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BusinessDay 12 Apr 2018

Innovation Apps Fin-Tech

Innovation Apps Fin-Tech Start-up Gadgets Ecommerce IOTs Broadband Infrastructure Bank IT Security 28 BUSINESS DAY C002D5556 Thursday 12 April 2018 Apps released on Apple Store drops in 2017 FRANK ELEANYA Google Play Store appears to be winning the favourite app store contest, as the amount of apps released in the Apple App Store fell for the first time in 2017. A new data released by Appfigures showed that both Apple’s App Store and Google Play Store were growing consistently all the way up to 2017, when the former began to drop. The data found that the amount of apps released on Apple’s App Store in 2017 was 755,000, representing a 29 percent decline from 2016, when the number hit one million. It is Apple’s first drop since the App Store was launched in 2008. Meanwhile, the Google Play Store saw a surge of over 1.5 million new apps, about 17 percent rise from 2016 – the largest growth since 2014. According to Appfigures, the decline is a result of stricter enforcement of Apple’s review guidelines, as well as a technical change that eliminated many old apps that were not updated CALEB OJEWALE In this part of the world, many things that could still look like magic or at best, science fiction, are realities in advanced nations increasingly leaving us behind. While this may not be new, it also shows the urgent need for African countries like Nigeria to stop admiring technology from afar, but also actively engaging in usage. Ericsson showed some of these possibilities for a digital future in its ‘10 Hot Consumer Trends’ 2018 report which during a presentation by Olivier Vandermoten, country manager, Ericsson Nigeria, showed the world is about to move ahead with even more sophistication than previously thought. For instance, if you find yourself thinking of the possibility to “re-live” certain to support 64-bit architecture. In June 2017, Apple had sent a notification to developers that new iOS apps and updates submitted to the App Store must support 64-bit. “Support for 32-bit apps is not available in iOS 11 and all 32-bit apps previously installed on a user’s device will not launch. If you have not updated your app on the App Store to support 64-bit, we recommend submitting an update so your users can continue to run your apps on iOS 11, which will be in moments from the past, this just may be possible within the next five years, provided you have pictures from that event. Still seems strange? Well, not according to Ericsson’s report which from its findings showed consumers in the next five years will amongst other things, be able to walk through pictures from events, using virtual reality gears that make it possible to interact ‘with the past’. As more advancement are made in robotics, it has also been suggested that those not so inclined to work, though lazy may sound ‘judgmental’, could have robots doing their work, earning income for them, while they take all the leisure time they desire. The possibilities seem endless from the very desirable ones to those perhaps, not so desirable. The 10 trends for 2018 the hands of hundreds of millions of customers this fall,” Apple stated in that notice. Apple’s stance has seen the number of apps overall inside its App Store shrink by 5 percent, falling from 2.2 million to 2.1 million, whereas, Google Play, is home to 3.6 million apps, continuing a steady 30 percent rise also observed last year over 2015. Appfigure also disclosed that during the period, the number of apps being ported from one platform to the other – also known as ‘porting’ an app – increased. 10 technology trends about to change how we live and beyond as contained in Ericsson’s report include: 1. Your Body is the User Interface: More than half of current users of intelligent voice assistants believe that we will use body language, expression, intonation and touch to interact with tech devices as if they were fellow humans. Some 2 in 3 think this will happen within a mere 3 years. Olivier Vandermoten Porting an app refers to taking an app that was built for one platform and building it to run on a different platform. In 2017, over 25,000 crossed from one platform to another. More than 16,000 of those apps went to Google Play in the same year. “According to our algorithm that maps apps that cross platforms, roughly 450,000 apps are available for both iOS and Android. This is a failry decent amount, but when we look at the bigger picture, it amounts to just 8.5%,” Appsfigure stated. 2. Augmented Hearing: 63 percent of consumers would like earphones that translate languages in real time. 52 percent want to block out a family member’s snoring. 3. Eternal Newbies: 30 percent say new technology makes it hard to keep their skills up to date. But it also makes us instant experts. 46 percent say the internet allows them to learn and forget skills faster than ever. 4. Social Broadcasting: Social media is being overrun by traditional broadcasters. But half of consumers say AI would be useful to check facts posted on social networks. 5. Intelligent Ads: Advertisements may become too smart for their own good. More than half of augmented reality (AR)/virtual reality (VR) users think ads will become so realistic they will eventually replace the Takeaways from Organic Lagos startup workshop FRANK ELEANYA Starting and building a successful business in a country like Nigeria is a journey that only the brave and committed undertakes. Several statistics have it that many small businesses in Nigeria never see their third to fifth birthdays. Choked by insurmountable pressures, they die and new ones spring up from their ashes. On Saturday, 7 April, 2018, Organic Lagos, a non-profit organisation organised the maiden edition of its startup workshop aimed at equipping small businesses with the tools for entrepreneurial success. The workshop themed ‘Let’s Talk About Starting Up and building Successes’, was also an avenue to train start-ups on accessing funding. Muyi Olaitan, founder of Organic Lagos said the goal of the workshop was to expose start-ups in Nigeria to new trends and innovations to scale their businesses in a difficult environment. The various facilitators at the workshop shared from their experiences in business and dealing with start-ups – whether in the tech ecosystem or SMEs segment. Below are some of the takeaways from the workshop: Passion is everything Kola Kuddus Yusuf, chief executive officer of Kola Kuddus Couture, an African inspired fashion brand, said starting out as an entrepreneur will require passion and commitment. products themselves. 6. Uncanny Communication: 50 percent think not being able to tell the difference between human and machine would spook them out. 40 percent would also be spooked by a smartphone that reacts to their mood. 7. Leisure Society: 32 percent of students and working people do not think they need a job to develop a meaningful life. 40 percent say they would like a robot that works and earns income for them, freeing up leisure time. 8. Your Photo is a Room: Imagine being able to walk into a photo and relive a memory. 3 out of 4 believe that in only 5 years they will use virtual reality to walk around in smartphone photos. 9. Streets in the Air: City streets may be choked with traffic but the skies remain free. 39 percent think their Team: Frank Eleanya, frank.eleanya@businessdayonline.com; Caleb Ojewale, caleb.ojewale@businessdayonline.com Recalling the early days of his brand, Kola told the audience that he was largely driven by the passion to make his client look unique always. Social media is not all it seems. People are always pretending on social media platforms, hence small business owners have to be careful about the ideas they get from there, according to Shade Ladipo, executive director of WE- Connect. Integrity breeds trust Businesses built on dishonesty will not last long. Customers would always be loyal to a brand they can bank their words, says Precious Ubah, assistant manager of Robert Taylor Limited. “Your focus should not be to build a business for the now, but one that can be transferred when you are gone. You have to put in the work and be part of something great,” she said. Funding only meets planning Funding is one of the issues many start-ups are always complaining about, however only a few actually are ready to access it. To be ready, Adeola Olowe, partner at The Anavo Institute, said start-ups need to know their numbers off their finger tips. For instance, what will the venture cost? What is projected cost for the next project the startup is embarking on? Knowing these numbers and being able to articulate them comes very handy in an elevator pitch situation. city needs a road network for drones and flying vehicles. But almost as many worry that a drone would drop on their head. 10. The Charged Future: The connected world will require mobile power. More than 80 percent believe that in only 5 years we will have long-lasting batteries that will put an end to charging concerns. The insights in the 10 Hot Consumer Trends for 2018 report are based on Ericsson Consumer Lab’s global research activities over more than 22 years, and draw on data from an online survey of advanced internet users in 10 influential cities across the world, performed in October 2017. Although the study only represents 30 million citizens, their early adopter profile makes them important to understand when exploring future trends, says Ericsson.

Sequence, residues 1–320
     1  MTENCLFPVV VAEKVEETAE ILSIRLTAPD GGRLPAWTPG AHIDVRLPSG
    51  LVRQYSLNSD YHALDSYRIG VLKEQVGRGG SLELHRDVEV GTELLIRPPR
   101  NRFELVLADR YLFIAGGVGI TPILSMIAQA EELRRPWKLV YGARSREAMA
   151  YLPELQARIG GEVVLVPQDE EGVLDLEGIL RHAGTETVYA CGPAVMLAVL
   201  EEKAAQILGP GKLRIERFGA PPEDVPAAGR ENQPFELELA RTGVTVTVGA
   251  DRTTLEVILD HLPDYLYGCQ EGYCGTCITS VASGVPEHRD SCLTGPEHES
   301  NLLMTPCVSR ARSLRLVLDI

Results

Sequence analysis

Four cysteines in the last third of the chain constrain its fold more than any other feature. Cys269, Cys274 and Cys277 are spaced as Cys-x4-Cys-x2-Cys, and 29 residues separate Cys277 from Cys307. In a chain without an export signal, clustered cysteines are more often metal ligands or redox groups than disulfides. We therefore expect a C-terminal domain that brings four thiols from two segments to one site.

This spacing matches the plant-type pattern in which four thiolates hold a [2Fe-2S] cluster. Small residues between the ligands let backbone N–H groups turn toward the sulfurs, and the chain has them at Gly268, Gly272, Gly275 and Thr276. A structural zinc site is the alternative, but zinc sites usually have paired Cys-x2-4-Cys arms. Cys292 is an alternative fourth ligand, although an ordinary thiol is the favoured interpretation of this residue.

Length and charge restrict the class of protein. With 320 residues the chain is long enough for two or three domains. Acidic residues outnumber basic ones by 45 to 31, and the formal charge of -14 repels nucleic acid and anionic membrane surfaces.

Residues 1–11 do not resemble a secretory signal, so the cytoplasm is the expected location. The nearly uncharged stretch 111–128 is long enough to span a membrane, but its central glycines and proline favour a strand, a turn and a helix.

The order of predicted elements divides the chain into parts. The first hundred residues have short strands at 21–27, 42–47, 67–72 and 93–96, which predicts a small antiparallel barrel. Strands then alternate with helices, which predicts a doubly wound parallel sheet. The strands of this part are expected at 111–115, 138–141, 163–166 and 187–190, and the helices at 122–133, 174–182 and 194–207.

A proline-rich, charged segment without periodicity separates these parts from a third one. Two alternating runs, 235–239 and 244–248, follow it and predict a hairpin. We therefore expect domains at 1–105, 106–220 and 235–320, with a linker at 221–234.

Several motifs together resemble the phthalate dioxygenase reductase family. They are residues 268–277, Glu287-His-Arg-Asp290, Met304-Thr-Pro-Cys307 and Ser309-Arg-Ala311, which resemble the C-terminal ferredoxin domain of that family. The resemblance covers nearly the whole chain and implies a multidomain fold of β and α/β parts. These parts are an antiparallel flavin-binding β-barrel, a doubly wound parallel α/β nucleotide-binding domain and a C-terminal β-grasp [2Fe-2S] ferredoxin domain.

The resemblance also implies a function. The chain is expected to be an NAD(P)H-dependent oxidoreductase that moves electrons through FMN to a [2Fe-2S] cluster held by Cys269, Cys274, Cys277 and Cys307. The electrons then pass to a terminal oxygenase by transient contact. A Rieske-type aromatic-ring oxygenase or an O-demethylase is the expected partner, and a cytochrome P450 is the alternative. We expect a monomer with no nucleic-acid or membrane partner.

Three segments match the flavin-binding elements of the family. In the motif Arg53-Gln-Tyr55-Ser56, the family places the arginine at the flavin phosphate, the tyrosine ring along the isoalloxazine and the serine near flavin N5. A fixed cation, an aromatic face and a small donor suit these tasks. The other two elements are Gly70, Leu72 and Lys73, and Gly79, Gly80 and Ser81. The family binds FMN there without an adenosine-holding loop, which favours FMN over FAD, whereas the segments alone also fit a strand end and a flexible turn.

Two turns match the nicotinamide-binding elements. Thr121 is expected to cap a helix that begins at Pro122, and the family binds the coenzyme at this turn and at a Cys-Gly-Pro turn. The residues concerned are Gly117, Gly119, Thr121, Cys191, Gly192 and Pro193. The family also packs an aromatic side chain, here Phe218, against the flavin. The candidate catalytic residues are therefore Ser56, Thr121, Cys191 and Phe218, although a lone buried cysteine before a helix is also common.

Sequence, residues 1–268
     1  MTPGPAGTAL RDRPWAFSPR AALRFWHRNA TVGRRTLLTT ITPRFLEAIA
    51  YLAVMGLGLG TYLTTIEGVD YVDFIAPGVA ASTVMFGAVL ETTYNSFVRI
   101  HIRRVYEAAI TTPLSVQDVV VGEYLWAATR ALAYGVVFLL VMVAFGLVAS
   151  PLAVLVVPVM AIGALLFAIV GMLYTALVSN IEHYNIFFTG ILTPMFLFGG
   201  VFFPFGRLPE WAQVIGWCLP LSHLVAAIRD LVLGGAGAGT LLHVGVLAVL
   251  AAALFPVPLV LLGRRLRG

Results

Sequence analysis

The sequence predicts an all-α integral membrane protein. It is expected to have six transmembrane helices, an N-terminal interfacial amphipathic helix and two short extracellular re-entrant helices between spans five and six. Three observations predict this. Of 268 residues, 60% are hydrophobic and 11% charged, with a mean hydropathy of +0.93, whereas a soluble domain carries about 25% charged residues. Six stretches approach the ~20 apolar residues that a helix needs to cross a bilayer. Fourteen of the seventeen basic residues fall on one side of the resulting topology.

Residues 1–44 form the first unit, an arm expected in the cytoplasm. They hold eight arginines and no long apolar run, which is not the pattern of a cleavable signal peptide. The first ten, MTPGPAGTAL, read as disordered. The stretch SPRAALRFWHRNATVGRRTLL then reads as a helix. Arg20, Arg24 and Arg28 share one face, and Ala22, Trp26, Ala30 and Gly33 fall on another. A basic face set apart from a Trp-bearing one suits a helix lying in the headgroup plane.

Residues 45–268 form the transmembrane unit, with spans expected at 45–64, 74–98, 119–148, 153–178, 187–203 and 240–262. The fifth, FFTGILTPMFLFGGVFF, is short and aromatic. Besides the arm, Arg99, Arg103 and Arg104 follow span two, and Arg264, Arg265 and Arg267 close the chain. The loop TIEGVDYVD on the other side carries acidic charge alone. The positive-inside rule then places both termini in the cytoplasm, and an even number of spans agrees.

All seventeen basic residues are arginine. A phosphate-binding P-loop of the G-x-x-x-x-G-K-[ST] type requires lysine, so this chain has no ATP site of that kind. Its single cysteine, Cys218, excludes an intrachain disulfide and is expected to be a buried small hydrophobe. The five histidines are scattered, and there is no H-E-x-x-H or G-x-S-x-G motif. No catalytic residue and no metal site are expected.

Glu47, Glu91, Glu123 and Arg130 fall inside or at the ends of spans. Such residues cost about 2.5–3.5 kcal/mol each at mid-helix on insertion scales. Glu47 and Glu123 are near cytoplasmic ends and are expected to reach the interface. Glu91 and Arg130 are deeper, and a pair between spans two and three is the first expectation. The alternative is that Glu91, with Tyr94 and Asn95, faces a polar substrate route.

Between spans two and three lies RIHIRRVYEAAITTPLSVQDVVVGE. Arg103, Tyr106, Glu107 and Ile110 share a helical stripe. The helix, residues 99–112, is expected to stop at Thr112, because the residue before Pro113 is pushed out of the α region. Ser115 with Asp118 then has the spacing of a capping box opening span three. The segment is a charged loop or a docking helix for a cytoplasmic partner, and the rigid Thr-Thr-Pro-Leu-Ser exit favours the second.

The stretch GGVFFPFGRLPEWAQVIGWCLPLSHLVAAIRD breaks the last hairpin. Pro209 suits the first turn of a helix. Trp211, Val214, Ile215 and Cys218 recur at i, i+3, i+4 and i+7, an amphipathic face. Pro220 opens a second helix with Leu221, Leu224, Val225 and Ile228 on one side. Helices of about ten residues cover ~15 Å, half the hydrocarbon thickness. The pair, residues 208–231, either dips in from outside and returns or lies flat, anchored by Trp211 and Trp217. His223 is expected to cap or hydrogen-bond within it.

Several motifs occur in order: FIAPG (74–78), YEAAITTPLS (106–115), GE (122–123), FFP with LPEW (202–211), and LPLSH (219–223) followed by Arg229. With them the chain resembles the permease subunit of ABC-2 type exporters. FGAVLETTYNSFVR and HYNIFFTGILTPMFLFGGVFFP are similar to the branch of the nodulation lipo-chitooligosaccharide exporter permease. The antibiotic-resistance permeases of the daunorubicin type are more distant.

Thursday 12 April 2018 BUSINESS DAY 29 Harvard Business Review Global Business Perspectives CONNECTING THE WORLD ONE BUSINESS AT A TIME Data for Sale SUSAN FROETSCHEL EAST LANSING, Michigan — The scandal involving Facebook and data-mining company Cambridge Analytica dramatically confirms the adage of no free lunch. Facebook’s more than 2 billion users are waking up to the fact that the “free” online site extracted a stiff price: personal data. News reports that Cambridge Analytica swept up details on millions of Facebook users — then used details for targeted political advertising in many countries — jolted the industry, regulators and users. Yet users consented to data exchanges without reading pages of small print of terms of service agreements. Many companies profit handsomely from knowing the details of users’ phone calls, driving patterns, family history, credit card purchases and more. Of course, Facebook is not alone. Big-data analysis is big business. Companies continue to discover new value in crossindustry exchanges, combining forces to monetize data sets to improve services, reduce fraud, attract new customers or meet regulatory requirements. Cambridge Analytica is not alone either. In China, the Shanghai Data Exchange, started in 2017, offers a platform for trading all types of consumer information gathered from telecommunications, credit cards and more with the aim of drawing technology firms to the city. Collecting data to assess target groups is not new. Decades ago, telemarketing firms relied on typists to go through phone books, cross-listing names and numbers with other public lists. The college application process has long been a data-mining exercise to determine which applicants are likely to enroll and graduate. Patients, borrowers, students Mark Zuckerberg, the chief executive of Facebook, speaks at a conference in San Jose, Calif., April 18, 2017. Addressing for the first time the growing data privacy scandal, Zuckerberg outlined several steps the company was taking to address the issue on March 21, 2018. “We also made mistakes, there’s more to do, and we need to step up and do it,” he wrote in a post. (CREDIT: Jim Wilson/The New York Times) who fill out offline application forms are not exempt from becoming targets. Paper forms are quickly scanned into computer files. Large community events and fairs offer opportunities for data gathering. Hundreds of vendors attending large home shows hold contests to gather potential customer contacts. Computers made data collection easy. Any type of data can be packaged and marketed. Cities already provide data on properties, taxes and public health as a public service. To improve efficiency, utilities in India, Europe and the United States rely on smart meters to monitor and predict patterns of energy and water use. Committees and policies for monitoring data use and information governance so far are not keeping up with the growing numbers of organizations gathering and trading data. Data products can be specific, offering details about individuals, or aggregated to relay broad trends. Laws in the United States and Europe protect individual health, education or financial information, but do not ban aggregation as described in privacy policies, terms of agreement and license agreements. Health is an especially sensitive area, and privacy laws, even the strict new data protections to be imposed by the European Union in May, include exceptions. The EU law requires that patient data “be collected for a specific explicit and legitimate purpose” but allows that same data to “be reused for research” for the public interest purpose of driving innovative treatments. The same law limits how long patient data can be stored, “except for archiving and scientific research purposes.” Explicit patient consent is not required as long Financial firms collaborate on data collection to avoid risks. Insurers form special units for collecting drivers’ data. Digital strategies fuel growth, explains Boston Consulting Group. Companies combine online business processes with communications and services to gather data. App developers respond with entertaining quizzes, surveys and games designed to entice consumers to hand over more data. The harvest of Facebook profiles began with a small personality test, fewer than 300,000 users took part for a tiny sum, and in the process millions of friends got dragged into the net. Less than 20% of third-party app developers for Facebook’s platform are based in the United States. Developers like Elitech in India provide customdesigned applications or games that assess target audiences and prioritize user engagement. Developers can use games to assess user performance and personality with small tasks from placing an order to solving problems. Facebook encourages developers around the world to develop local apps that will lead to more local users. Asia leads the world with more than 30% of 20 million app developers while Europe and North America each have about 30%. Economic Times reports that India leads the world in Facebook users and has the second largest base of Facebook developers. Developers and social media firms worry about new regulations disrupting the growing industry. Apps and games available from Apple’s iTunes Store went from a few hundred in 2009 to more than 3 million in 2017, with downloads in the billions. Apps take advantage of the universal desires to play, un- derstand ourselves, or compare how we perform with others. Experts analyze user choices, associating interests as detected by searches and clicks with individual behavior, hunting for patterns and correlations. Some companies offer discounts to customers deemed as reliable or creditworthy; other firms hunt for gullible, impulsive spenders. Unorganized data may seem worthless, and Facebook and countless others readily opened the gates to app developers and advertisers with little attention to the ultimate goals behind data transfers. Soon after news emerged about Cambridge Analytica’s use of Facebook profiles, Mark Zuckerberg issued an apology, admitting that even social media executives had not realized the full potential of their platforms and how many insights might be gleaned. He admitted not imagining in launching Facebook in 2004 that the site could be accused of changing the course of an election. His strategy is for communities to decide their values and rules for Facebook. Users have a choice on what to share and with whom. Like it or not, big-data analysis influences communities and workplaces, and users have a responsibility to read lengthy policies with care. A lesson emerging from the Cambridge Analytica and Facebook debacle is that those who refuse to surrender data cannot evade the consequences especially when so many other users do share. Millions of friends whose data was harvested may not have given specific consent, but in the end that did not matter. (Susan Froetschel is editor of YaleGlobal Online and the author of five novels including “Fear of Beauty” and “Allure of Deceit,” both set in Afghanistan.) 2017 Harvard Business School Publishing Corp. Distributed by The New York Times Syndicate